gob

1
[gob]

noun

a mass or lump.
gobs, Informal. a large quantity: gobs of money.
Also called goaf. Mining. waste or barren material.

Nearby words

  1. goatsbeard,
  2. goatskin,
  3. goatsucker,
  4. goaty,
  5. goaves,
  6. gob-stopper,
  7. goban,
  8. gobang,
  9. gobat,
  10. gobbet

Origin of gob

1
1350–1400; Middle English gobbe, variant of gobet gobbet

gob

2
[gob]

noun Slang.

a sailor, especially a seaman in the U.S. Navy.

Origin of gob

2
An Americanism dating back to 1910–15; origin uncertain

gob

3
[gob]

noun Slang.

the mouth.

Origin of gob

3
1540–50; perhaps < Scots Gaelic gob mouth, beak

gob

4
[gob]British Dialect

verb (used without object), gobbed, gob·bing, noun

Origin of gob

4
First recorded in 1685–95

Dictionary.com Unabridged Based on the Random House Unabridged Dictionary, © Random House, Inc. 2019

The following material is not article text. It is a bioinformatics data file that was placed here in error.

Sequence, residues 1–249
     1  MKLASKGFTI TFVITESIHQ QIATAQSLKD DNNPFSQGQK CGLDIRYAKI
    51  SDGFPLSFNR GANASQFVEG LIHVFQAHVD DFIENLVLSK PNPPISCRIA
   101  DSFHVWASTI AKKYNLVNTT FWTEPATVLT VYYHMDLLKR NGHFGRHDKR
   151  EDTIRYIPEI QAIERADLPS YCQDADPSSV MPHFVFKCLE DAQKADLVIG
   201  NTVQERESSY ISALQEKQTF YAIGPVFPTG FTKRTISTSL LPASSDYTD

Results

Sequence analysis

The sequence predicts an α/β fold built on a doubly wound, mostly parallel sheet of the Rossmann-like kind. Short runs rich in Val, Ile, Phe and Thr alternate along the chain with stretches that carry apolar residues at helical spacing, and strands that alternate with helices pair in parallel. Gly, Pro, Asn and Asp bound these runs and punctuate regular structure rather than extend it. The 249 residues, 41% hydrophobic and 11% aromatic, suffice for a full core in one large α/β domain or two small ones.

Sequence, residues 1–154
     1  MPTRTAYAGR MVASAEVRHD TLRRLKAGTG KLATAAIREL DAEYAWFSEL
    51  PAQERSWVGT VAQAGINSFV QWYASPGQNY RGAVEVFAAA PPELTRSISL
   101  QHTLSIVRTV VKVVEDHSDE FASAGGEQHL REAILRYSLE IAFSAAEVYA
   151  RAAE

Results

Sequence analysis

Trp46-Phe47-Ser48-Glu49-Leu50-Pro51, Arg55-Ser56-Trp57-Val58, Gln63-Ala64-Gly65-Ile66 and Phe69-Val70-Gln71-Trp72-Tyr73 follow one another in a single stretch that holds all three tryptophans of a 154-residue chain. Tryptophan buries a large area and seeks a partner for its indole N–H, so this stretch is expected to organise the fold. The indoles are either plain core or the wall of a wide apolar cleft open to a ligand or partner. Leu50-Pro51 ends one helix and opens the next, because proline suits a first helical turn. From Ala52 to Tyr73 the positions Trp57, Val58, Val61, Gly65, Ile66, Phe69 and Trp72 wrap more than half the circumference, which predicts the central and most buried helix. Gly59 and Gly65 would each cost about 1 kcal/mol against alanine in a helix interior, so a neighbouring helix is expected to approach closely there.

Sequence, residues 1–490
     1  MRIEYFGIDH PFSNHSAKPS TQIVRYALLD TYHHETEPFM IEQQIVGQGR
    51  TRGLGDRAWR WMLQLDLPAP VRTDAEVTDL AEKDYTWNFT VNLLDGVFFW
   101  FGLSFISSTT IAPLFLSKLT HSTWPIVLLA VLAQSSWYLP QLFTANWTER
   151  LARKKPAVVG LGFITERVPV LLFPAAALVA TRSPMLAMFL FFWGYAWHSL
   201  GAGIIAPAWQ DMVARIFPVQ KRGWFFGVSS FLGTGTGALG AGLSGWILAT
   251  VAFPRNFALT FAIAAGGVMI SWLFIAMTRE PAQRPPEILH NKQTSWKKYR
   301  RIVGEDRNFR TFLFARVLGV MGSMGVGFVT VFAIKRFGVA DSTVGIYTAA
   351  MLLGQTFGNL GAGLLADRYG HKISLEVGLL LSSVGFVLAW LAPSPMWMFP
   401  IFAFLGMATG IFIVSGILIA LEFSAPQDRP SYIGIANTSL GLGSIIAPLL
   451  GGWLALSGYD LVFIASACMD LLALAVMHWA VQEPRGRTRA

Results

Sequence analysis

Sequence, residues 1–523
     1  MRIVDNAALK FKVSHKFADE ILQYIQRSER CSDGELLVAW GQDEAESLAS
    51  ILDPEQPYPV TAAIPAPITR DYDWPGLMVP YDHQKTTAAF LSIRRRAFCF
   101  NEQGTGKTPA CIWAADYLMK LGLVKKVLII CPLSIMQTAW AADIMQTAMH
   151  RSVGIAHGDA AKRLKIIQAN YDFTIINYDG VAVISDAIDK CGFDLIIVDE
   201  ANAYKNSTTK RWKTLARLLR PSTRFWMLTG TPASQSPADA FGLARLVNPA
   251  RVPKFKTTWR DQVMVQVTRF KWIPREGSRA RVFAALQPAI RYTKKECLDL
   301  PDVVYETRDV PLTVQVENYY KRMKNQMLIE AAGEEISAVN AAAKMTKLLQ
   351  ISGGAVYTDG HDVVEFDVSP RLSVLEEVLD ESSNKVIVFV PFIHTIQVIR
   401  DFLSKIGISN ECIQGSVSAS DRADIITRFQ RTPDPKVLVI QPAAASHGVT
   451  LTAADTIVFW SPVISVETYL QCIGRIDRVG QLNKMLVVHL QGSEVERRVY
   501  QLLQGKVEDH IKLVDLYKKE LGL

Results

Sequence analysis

Examples from the Web for gobs


British Dictionary definitions for gobs

gob

1

noun

a lump or chunk, esp of a soft substance
(often plural) informal a great quantity or amount
mining
  1. waste material such as clay, shale, etc
  2. a worked-out area in a mine often packed with this
a lump of molten glass used to make a piece of glassware
informal a globule of spittle or saliva

verb gobs, gobbing or gobbed

(intr) British informal to spit

Word Origin for gob

C14: from Old French gobe lump, from gober to gulp down; see gobbet

gob

2

noun

US slang an enlisted ordinary seaman in the US Navy

Word Origin for gob

C20: of unknown origin

gob

3

noun

a slang word (esp Brit) for the mouth

Word Origin for gob

C16: perhaps from Gaelic gob

Collins English Dictionary - Complete & Unabridged 2012 Digital Edition © William Collins Sons & Co. Ltd. 1979, 1986 © HarperCollins Publishers 1998, 2000, 2003, 2005, 2006, 2007, 2009, 2012

Word Origin and History for gobs

gob

n.

"a mouthful, lump," late 14c., probably from Old French gobe "mouthful, lump," related to gober "gulp, swallow down," probably from Gaulish *gobbo- (cf. Irish gob "mouth," Gaelic gob "beak"). This Celtic source also seems to be root of gob "mouth" (mid-16c.), which is the first element in gob-stopper "a kind of large hard candy" (1928).

Online Etymology Dictionary, © 2010 Douglas Harper